Alzahrani N, Alhibshi N, Bukhari D, Aljohani M, Madani F. Awareness, perceptions and knowledge of amblyopia among pediatric and ophthalmology clinic attendees in King Abdulaziz University Hospital, Jeddah. Int J of Adv Res. 2018;6(2):1506–17.

    Article  Google Scholar 

  21. 21.

    Martin LR, Williams SL, Haskard KB, Dimatteo MR. The challenge of patient adherence. Ther Clin Risk Manag. 2005;1(3):189–99.

    PubMed  PubMed Central  Google Scholar 

  22. 22.

    Almutairi KM. Culture and language differences as a barrier to provision of quality care by the health workforce in Saudi Arabia. Saudi Med J. 2015;36(4):425–31.

    Article  Google Scholar 

  23. 23.

    Alzuhairy S, Alabdulrazaq ES, Alharbi IM, Alharkan DH. Knowledge and attitude towards strabismus among parents of Saudi children with strabismus. Int Surg J. 2019;6(2):438–42.

    Article  Google Scholar 

  24. 24.

    Pehora C, Gajaria N, Stoute M, Fracassa S, Serebale-O’Sullivan R, Matava CT. Are parents getting it right? A survey of parents’ internet use for children’s health care information. Interact J Med Res. 2015;4(2):e12.

    Article  Google Scholar 

Download references

Acknowledgements

Not applicable.

Funding

This research received no specific grant from any funding agency in the public, commercial, or not-for-profit sectors.

Author information

Affiliations

Authors

Contributions

AB conceived the original idea, was involved in planning the study, supervised the work, and revised the final manuscript. NH contributed to the design, implementation of the research, and supervised the work. MBam contributed to the methodology and analysis. RB contributed in interpretation of the results. MBas and SH discussed the results and co-wrote the original draft. All authors read and approved the final manuscript.

Corresponding author

Correspondence to Ahmed Basheikh.

Ethics declarations

Ethics approval and consent to participate

Written informed consent was obtained from all participants. The study was approved by the Biomedical Ethics Research Committee at King Abdulaziz University, Jeddah, Saudi Arabia, and was conducted in accordance with the ethical standards of the Declaration of Helsinki.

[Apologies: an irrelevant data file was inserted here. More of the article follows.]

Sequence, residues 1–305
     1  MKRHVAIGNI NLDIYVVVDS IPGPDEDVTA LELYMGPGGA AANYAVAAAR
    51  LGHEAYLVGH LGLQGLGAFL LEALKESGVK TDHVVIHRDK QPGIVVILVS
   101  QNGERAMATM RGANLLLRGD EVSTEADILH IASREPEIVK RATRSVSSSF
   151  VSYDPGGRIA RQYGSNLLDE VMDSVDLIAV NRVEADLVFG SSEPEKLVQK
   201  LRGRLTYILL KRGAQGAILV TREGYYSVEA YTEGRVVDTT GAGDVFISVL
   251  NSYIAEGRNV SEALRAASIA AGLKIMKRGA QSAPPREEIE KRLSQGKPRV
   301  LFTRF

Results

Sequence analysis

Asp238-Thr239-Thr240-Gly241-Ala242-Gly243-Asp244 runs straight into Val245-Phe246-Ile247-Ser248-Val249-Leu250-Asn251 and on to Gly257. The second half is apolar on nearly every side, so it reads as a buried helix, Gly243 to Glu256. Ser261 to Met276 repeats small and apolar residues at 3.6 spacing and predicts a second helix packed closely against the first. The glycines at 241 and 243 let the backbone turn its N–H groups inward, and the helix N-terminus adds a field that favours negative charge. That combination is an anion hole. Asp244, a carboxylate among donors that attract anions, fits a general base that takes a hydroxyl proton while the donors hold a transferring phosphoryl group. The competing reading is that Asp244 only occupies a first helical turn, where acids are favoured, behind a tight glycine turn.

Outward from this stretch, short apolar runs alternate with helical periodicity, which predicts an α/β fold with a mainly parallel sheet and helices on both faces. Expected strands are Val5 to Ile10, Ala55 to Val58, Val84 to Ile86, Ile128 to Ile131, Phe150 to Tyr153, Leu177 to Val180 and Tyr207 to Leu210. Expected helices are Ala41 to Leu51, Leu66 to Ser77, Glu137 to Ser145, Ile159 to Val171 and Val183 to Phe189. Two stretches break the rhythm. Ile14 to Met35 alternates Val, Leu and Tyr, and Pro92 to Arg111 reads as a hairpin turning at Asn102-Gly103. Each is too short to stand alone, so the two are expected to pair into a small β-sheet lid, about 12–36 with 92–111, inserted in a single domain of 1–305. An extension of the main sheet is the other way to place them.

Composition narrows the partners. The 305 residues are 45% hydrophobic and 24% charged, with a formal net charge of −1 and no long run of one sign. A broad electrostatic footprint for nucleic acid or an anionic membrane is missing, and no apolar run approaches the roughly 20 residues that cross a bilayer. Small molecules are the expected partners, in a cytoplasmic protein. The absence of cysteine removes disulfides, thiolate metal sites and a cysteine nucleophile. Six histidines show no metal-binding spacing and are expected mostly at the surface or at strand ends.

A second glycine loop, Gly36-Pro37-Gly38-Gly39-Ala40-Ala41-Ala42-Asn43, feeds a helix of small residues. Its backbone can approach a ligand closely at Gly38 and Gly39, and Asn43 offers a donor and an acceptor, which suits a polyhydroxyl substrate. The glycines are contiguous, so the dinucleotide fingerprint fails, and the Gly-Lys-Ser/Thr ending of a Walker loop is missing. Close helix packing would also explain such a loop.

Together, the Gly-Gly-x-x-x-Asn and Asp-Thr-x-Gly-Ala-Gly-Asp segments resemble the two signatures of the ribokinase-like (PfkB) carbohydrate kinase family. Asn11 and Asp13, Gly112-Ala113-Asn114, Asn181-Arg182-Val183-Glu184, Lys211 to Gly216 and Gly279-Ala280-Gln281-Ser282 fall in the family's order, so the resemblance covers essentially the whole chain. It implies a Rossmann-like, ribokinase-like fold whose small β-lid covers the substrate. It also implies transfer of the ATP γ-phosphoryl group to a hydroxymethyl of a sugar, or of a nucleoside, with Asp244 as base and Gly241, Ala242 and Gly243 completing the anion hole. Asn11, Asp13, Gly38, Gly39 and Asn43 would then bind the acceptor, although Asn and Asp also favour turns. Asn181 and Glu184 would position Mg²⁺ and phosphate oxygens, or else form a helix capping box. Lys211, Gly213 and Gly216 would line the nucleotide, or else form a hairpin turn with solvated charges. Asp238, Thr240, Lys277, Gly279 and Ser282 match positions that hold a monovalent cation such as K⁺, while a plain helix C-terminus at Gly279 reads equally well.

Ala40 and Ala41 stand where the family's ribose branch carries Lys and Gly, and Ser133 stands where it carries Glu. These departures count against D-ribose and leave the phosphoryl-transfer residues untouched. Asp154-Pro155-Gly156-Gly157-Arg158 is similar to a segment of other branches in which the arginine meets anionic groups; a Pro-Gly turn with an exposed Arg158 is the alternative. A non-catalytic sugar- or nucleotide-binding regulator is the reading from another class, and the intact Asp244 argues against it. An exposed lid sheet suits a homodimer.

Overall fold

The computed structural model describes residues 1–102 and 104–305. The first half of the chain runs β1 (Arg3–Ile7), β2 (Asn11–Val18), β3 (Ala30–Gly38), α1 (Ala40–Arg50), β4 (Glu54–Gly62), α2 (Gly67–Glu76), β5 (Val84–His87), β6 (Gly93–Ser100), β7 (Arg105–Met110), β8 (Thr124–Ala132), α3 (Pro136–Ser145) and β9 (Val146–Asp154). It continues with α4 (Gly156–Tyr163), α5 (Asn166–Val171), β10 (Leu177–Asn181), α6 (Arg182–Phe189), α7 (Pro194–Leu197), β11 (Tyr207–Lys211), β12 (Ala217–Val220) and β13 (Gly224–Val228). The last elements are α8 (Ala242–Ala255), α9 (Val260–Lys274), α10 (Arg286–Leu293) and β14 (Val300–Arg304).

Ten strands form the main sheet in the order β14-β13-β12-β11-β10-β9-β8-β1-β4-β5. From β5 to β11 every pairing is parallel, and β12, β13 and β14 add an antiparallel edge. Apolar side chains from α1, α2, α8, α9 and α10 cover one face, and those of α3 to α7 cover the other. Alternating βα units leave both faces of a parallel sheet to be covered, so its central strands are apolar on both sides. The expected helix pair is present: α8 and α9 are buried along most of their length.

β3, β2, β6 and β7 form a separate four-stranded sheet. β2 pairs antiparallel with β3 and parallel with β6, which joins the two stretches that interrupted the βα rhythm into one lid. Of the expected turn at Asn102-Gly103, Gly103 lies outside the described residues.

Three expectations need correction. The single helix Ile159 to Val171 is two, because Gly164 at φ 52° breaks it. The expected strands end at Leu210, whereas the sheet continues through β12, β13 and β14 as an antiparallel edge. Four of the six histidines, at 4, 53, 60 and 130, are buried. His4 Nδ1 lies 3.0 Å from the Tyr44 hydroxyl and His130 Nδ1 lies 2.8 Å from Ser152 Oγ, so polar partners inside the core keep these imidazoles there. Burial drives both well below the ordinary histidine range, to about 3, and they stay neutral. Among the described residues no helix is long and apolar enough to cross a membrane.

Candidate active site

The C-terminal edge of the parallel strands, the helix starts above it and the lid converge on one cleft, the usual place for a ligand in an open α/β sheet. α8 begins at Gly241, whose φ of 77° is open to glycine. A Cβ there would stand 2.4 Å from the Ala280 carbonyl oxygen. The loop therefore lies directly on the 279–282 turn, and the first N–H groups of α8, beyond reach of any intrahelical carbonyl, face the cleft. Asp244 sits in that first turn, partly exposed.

Consent for publication

Not applicable.

Competing interests

The authors declare that they have no competing interests.

Additional information

Publisher's Note

Springer Nature remains neutral with regard to jurisdictional claims in published maps and institutional affiliations.

Supplementary Information

Additional file 1.

The questionnaire used in the study that was developed by the authors and underwent face and content validity.

Additional file 2.

Factors associated with knowledge level about amblyopia (N=401).

Rights and permissions

Open Access This article is licensed under a Creative Commons Attribution 4.0 International License, which permits use, sharing, adaptation, distribution and reproduction in any medium or format, as long as you give appropriate credit to the original author(s) and the source, provide a link to the Creative Commons licence, and indicate if changes were made. The images or other third party material in this article are included in the article's Creative Commons licence, unless indicated otherwise in a credit line to the material. If material is not included in the article's Creative Commons licence and your intended use is not permitted by statutory regulation or exceeds the permitted use, you will need to obtain permission directly from the copyright holder. To view a copy of this licence, visit http://creativecommons.org/licenses/by/4.0/. The Creative Commons Public Domain Dedication waiver (http://creativecommons.org/publicdomain/zero/1.0/) applies to the data made available in this article, unless otherwise stated in a credit line to the data.

Reprints and Permissions

About this article

Verify currency and authenticity via CrossMark

Cite this article

Basheikh, A., Alhibshi, N., Bamakrid, M. et al. Knowledge and attitudes regarding amblyopia among parents in Jeddah, Saudi Arabia: a cross-sectional study. BMC Res Notes 14, 60 (2021). https://doi.org/10.1186/s13104-021-05478-y

Download citation

Keywords

  • Amblyopia
  • Eye care
  • Knowledge
  • Parents
  • Awareness
  • Screening
  • Attitudes